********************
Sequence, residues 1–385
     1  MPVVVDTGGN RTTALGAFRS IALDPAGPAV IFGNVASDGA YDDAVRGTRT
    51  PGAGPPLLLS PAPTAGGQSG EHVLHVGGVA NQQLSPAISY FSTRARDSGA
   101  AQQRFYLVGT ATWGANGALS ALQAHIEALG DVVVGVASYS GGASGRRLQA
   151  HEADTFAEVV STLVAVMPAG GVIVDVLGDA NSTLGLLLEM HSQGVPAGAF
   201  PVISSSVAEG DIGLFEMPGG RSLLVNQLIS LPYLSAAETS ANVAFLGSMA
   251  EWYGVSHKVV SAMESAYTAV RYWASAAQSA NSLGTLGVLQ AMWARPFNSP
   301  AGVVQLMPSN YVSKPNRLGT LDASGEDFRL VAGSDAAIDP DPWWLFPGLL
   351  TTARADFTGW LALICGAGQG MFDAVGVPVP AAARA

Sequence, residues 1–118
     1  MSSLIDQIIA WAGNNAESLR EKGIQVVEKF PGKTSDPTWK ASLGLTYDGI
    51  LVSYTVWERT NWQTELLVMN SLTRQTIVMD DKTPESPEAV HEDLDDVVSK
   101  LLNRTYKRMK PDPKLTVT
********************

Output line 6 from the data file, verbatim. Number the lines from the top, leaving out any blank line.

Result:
   201  PVISSSVAEG DIGLFEMPGG RSLLVNQLIS LPYLSAAETS ANVAFLGSMA